A survey marker having a rod with a pointed tip and a section of auger flights at a selected location thereof spaced apart from the tip, wherein the auger flights do not extend the entire length of the rod and preferably does not extend pass the half-way mark of the rod. A head extending from a distal end of the rod opposite the point includes means for retaining a survey flag, means for engaging a drive tool, and means for alignment.
 The present invention relates to a permanent survey marker for surveyors to identify location, serve as a geographic indicator and provide a directional aid.DESCRIPTION OF THE PRIOR ART
 Conventional survey indicators consist of plates, spikes, posts, or rods driven in, placed, or attached to natural geographic structures such as rocks or trees. Most permanent markers are formed of concrete posts or the like utilizing a plate or disk having the requisite markings and indicators affixed to or molded therein.
 The surveyor usually surveys the tract of property to obtain the boundaries and uses temporary markers, such as pins or pegs having indicia or markings thereon. At a later time the surveyor or some other person must return to the numerous survey reference point cites and affix a more permanent marker at the site.
 Permanent markers now used in the industry such as concrete post are heavy and difficult to carry and require a vehicle to transport them to the marker sites. Sometimes the vehicles cannot be driven close to the marker site and the difficult and time consuming task falls upon the surveying team to move the marker to the site. Moreover, these concrete markers are dangerous to walk around or over, or to mow over once vegetation such as grass crops or weeds hide them over time.
 None of the above known types of survey markers, taken either singly or in combination, is seen to describe the instant invention as claimed in the instant application.SUMMARY OF THE INVENTION
 The present invention achieves the above objects by providing a survey marker having a body formed of a rod having a pointed tip with a section including a short segment of auger flights and having a generally flat or convex shaped head with indicia thereon extending from the distal end of the rod head connected thereto including a means for cooperatively engaging a device for rotating and driving the survey marker into the ground. The head also includes means for removably attaching a survey marker peg and permanently attaching an indicator or locator rod thereto.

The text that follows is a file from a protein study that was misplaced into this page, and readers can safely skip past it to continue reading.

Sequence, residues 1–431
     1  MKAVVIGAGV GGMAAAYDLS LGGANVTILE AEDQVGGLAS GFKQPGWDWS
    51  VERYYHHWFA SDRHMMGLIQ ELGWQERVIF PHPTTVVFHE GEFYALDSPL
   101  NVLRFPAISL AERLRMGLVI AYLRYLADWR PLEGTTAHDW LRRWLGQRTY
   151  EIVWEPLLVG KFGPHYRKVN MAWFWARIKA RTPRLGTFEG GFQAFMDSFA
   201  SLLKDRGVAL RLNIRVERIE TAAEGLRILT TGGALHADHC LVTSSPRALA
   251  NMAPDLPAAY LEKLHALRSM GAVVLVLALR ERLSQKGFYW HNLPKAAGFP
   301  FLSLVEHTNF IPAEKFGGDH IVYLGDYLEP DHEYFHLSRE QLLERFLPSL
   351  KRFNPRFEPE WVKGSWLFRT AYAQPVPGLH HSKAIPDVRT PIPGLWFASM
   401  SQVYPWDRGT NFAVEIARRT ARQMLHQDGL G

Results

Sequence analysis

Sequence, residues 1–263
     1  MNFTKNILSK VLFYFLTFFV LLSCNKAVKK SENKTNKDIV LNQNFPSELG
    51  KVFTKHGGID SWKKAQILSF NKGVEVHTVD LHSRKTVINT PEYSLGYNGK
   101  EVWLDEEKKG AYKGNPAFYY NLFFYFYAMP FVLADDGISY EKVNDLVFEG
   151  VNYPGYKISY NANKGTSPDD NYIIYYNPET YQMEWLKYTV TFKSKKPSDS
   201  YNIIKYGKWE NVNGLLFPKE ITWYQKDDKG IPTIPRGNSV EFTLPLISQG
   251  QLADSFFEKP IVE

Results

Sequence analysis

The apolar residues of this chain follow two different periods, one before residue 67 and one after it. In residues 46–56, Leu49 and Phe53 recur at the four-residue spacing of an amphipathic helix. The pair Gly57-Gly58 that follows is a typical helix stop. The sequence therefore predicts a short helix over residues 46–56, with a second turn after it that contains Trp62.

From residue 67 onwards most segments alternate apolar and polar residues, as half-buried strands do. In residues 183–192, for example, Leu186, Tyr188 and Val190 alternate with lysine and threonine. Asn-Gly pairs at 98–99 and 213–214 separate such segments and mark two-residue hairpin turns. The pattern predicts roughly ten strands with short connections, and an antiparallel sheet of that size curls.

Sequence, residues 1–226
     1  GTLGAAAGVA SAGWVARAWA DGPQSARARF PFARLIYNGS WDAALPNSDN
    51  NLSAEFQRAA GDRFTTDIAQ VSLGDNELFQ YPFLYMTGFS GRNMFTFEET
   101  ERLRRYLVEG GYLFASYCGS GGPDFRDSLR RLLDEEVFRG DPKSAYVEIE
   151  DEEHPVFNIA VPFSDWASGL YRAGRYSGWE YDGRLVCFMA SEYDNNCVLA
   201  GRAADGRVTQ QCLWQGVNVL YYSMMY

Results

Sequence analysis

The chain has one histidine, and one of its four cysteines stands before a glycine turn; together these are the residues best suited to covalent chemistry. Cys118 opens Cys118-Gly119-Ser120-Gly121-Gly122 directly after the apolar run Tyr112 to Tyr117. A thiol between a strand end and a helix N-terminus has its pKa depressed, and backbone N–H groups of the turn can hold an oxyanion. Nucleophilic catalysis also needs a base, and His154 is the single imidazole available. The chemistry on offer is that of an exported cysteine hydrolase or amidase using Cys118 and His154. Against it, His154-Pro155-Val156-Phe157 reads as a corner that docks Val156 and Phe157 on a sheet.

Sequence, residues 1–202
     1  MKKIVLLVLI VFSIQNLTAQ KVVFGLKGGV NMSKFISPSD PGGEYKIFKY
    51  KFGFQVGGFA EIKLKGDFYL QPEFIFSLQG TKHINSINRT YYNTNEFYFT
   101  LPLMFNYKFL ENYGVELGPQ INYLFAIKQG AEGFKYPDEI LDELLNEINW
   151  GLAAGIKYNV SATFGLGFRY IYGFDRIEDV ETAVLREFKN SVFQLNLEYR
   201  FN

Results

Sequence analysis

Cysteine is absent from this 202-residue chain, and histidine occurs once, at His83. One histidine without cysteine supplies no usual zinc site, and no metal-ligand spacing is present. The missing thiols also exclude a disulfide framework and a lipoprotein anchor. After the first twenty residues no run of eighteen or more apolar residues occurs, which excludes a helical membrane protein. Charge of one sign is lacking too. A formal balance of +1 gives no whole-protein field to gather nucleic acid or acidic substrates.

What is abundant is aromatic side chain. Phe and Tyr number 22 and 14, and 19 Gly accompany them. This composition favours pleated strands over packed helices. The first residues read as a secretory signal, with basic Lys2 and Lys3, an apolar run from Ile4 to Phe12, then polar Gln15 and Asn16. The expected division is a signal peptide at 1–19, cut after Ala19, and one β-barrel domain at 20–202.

More particularly, a preferred embodiment of the survey marker of the present invention includes a rod having a pointed tip and a section of auger flights at a selected location thereof spaced apart from the tip, wherein the auger flights do not extend the entire length of the rod and preferably does not extend pass the half-way mark of the rod. A head extending from a distal end of the rod opposite the point includes means for retaining a survey flag, means for engaging a drive tool, and means for alignment.
 Accordingly, one object of the present invention is to provide a permanent survey marker which is light enough to be carried with the surveyor on the initial survey and placed into the ground to form a permanent survey marker.
 Another object of the present invention is to incorporate a directional indicator on the survey marker and optionally to provide indicia or stamped markings indicating north, south, east, west and/or hash marks and/or degrees.
 Another object of the present invention is to provide a metal or plastic disk such as a washer or the like to fit around the periphery of the marker and be attached thereto providing provide indicia or stamped markings indicating north, south, east, west and/or hash marks and/or degrees.
 Another object of the present invention is to provide a metal or plastic disk such as a plate having a center hole therein for disposing the rod body, wherein the outer edge of the plate extends outwardly past the periphery of the head including means for locking the plate in place to the head wherein the plate can provide provide indicia or stamped markings indicating north, south, east, west and/or hash marks and/or degrees.